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‘I was at breaking point’: With no family to turn to, leaving children’s home tough for some youths

SINGAPORE: At age four, he was placed in a residential home for children who had been neglected or abused.

James (not his real name) lived there until he was 18, when he had to move out.

He had started thinking about this day when he was 16 and had discussed it with his social worker in Melrose Home. His aunt agreed to take him in.

The transition turned out to be “too fast” and “quite tough”, and the living arrangement broke down.

His aunt lived in a four-room flat already occupied by four people. James slept in the living room. Without a sense of personal space, he felt “kind of naked”.

There was also tension: A household member made James feel he was “a burden”. “He didn’t have to say it; I could sense it,” said James, now 22, who asked not to be named.

By the third month, his living situation began to feel untenable. But there was nowhere else to go.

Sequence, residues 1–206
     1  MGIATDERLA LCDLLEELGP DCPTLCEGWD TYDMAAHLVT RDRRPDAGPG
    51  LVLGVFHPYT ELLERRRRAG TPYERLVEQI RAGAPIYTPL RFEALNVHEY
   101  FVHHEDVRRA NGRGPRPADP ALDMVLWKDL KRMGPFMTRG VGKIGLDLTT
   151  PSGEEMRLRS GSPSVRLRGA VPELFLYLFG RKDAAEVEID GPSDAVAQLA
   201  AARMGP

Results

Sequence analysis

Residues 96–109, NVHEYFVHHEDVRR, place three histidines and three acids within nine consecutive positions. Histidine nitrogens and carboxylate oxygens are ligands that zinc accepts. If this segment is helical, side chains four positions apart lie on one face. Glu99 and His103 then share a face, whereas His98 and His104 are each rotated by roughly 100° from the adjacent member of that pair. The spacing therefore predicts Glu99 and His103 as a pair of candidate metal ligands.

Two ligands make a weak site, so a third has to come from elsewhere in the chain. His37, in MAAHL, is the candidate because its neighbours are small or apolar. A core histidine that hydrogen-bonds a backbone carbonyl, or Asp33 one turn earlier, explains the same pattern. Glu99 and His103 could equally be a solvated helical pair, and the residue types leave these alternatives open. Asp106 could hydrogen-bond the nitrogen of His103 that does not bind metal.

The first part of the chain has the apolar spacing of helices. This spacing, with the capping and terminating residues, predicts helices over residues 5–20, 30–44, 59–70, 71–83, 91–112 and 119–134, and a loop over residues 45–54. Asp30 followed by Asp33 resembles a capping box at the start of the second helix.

He earned about S$1,000 a month by working part-time in the food and beverage industry. His personal monthly expenses amounted to S$600 to S$700, while he chipped in S$50 to S$100 for household expenses. Polytechnic fees cost him S$400 to S$500 per semester.

It took about nine months to find an alternative: His girlfriend was living with her grandparents in a rented flat and had space for him — just when “I was at breaking point”, James recounted.

But trying to support himself while pursuing a diploma proved too much. “I had to think of money constantly. I had to plan ahead,” he said. If he did not get the shifts he wanted at work, for instance, he would “lose out on money and have to plan again”.